One example is that of nontangent edges. These are tangent angle changes at the common endpoint of adjacent edges. As the exhibit explains, nontangent curves and line segments don’t necessarily indicate poor data quality. A designer might want nontangent curves, for example, on square corners with chamfered and beveled edges. If curves are intended to be tangent but aren’t, then a discontinuity (dubbed a G1 discontinuity in the standard) indicates poor quality. Nontangent conditions are usually visible to the unaided eye and can be felt by finger tips on physical models.
Several exhibits in Appendix C cover validation. The need for validation arises mostly because of the many different 3D-modeling formats that come from industry giants such as Siemens AG, Austin, Dassault Systèmes, Waltham, Mass., Autodesk Inc., San Rafael, Calif., and others. There is no universal language in 3D modeling. As a result Mil-Std-31000A must deal with errors stemming from translating back and forth between native formats of CAD platforms. Similarly, errors crop up from incompatibility between derivative formats and variations between outdated revisions of native formats. One exhibit defines 37 error conditions such as different solid volume, unsewn solid, unmatched part, merged assembly, and so forth, and lists their effects.
One notable practice in the standard is its referencing of commercial companies. It is extraordinary to find a military standard mentioning vendors. This practice shows that the private sector holds the key to the future of 3D modeling.
For example, another exhibit acknowledges commercial geometry-checking software such as CADdoctor from Elysium Inc., Southfield, Mich., and CADIQ from International TechneGroup Inc., Milford, Ohio. These companies can also provide geometry-healing software which can correct errors if 3D model data is to be translated to another format. Also covered is semiautomatic remastering which involves translating 2D sketches and parameters to 3D. There are several illustrations of a part remastered from Siemens NX to Dassault Systèmes Catia V5 using CADfeature software from Elysium. It continues with derivative model validation using CADIQ.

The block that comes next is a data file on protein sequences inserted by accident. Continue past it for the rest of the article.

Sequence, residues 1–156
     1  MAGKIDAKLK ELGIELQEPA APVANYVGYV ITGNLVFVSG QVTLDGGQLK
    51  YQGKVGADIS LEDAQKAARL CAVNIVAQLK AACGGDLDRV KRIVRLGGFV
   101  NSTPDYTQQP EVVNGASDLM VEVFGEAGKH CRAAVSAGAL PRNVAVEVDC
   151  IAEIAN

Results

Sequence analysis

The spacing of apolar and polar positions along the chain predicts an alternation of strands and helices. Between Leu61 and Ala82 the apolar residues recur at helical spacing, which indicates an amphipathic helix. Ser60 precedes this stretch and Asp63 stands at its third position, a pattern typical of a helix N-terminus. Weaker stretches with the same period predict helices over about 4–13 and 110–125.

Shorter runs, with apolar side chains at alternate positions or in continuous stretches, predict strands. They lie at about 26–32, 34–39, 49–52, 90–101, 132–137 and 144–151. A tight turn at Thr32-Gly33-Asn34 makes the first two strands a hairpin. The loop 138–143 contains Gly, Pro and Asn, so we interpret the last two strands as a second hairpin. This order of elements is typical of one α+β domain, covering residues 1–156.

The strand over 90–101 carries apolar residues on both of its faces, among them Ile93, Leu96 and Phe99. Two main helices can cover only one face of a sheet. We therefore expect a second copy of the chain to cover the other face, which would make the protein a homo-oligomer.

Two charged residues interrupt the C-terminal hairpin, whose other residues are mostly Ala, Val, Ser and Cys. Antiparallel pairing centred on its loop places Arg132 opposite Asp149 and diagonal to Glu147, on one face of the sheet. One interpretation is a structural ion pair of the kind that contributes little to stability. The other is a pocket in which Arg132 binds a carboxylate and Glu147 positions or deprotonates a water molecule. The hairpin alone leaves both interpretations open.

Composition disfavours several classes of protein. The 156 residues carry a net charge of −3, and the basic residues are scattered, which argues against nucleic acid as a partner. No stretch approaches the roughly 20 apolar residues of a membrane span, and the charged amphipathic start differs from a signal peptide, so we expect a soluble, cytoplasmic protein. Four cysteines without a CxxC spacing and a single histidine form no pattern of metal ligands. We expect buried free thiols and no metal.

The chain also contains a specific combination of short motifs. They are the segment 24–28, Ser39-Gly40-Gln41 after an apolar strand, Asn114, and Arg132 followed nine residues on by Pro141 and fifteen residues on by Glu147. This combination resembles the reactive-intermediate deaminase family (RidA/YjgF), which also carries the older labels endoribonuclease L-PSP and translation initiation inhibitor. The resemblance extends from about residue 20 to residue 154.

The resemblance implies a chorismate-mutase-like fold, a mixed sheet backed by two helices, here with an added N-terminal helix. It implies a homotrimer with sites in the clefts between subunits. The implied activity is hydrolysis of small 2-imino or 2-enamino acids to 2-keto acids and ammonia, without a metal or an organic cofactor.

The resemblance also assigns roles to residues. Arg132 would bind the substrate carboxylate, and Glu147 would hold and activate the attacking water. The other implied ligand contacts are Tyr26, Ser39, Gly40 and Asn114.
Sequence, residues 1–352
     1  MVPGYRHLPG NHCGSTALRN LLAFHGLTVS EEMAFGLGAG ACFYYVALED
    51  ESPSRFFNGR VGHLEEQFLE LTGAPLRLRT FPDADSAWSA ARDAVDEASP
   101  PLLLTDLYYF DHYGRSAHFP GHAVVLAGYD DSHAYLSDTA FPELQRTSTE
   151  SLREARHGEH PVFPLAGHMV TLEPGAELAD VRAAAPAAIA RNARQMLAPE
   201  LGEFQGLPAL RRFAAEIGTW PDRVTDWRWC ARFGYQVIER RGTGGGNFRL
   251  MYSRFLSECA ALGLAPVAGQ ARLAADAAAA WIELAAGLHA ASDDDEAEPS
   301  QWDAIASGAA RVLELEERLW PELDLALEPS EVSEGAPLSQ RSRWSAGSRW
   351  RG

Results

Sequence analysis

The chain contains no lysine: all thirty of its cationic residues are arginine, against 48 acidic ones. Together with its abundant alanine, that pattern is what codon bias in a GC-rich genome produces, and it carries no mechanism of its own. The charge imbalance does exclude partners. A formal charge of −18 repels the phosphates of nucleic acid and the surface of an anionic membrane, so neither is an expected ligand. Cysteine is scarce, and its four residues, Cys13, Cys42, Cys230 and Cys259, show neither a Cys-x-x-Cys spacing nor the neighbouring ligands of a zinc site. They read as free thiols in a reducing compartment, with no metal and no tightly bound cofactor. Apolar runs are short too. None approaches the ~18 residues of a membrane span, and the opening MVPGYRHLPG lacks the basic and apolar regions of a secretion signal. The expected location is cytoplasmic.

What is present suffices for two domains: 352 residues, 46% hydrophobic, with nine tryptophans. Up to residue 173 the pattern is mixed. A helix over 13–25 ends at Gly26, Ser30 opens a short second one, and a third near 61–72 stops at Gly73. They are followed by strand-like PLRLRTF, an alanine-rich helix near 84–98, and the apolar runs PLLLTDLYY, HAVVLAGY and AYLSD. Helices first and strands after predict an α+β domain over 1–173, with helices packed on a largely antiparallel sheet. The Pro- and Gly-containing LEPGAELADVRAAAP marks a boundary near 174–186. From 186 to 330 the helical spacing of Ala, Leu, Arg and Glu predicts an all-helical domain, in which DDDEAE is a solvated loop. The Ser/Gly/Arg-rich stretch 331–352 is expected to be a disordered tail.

A number of commercial software houses have created programs able to transform native parts and assemblies with 3D GD&T, and other 3D annotations into high-fidelity 3D PDF and 3D HTML MBE documents. This will make it possible for hardware part suppliers to read 3D files from customers and for 3D files to be archived and easily read in the future. More importantly, a soldier in a foreign country can find part lists and assembly instructions that apply to a weapon system by simply calling up a PDF file on his or her laptop.
Those involved in solid modeling recognize they depend heavily on the major software suppliers such as Siemens, Dassault, and Autodesk, which dominate 3D modeling worldwide. These suppliers are updating their software to accommodate Mil-Std-31000A. Designers would be well advised to educate themselves about how their CAD software vendor is handling the needs of the new standard.
Resources: Explanation of Model Based Enterprise
Anark Corp., Denver, has taken the lead in providing tools to translate 3D models from proprietary CAD formats into PDFs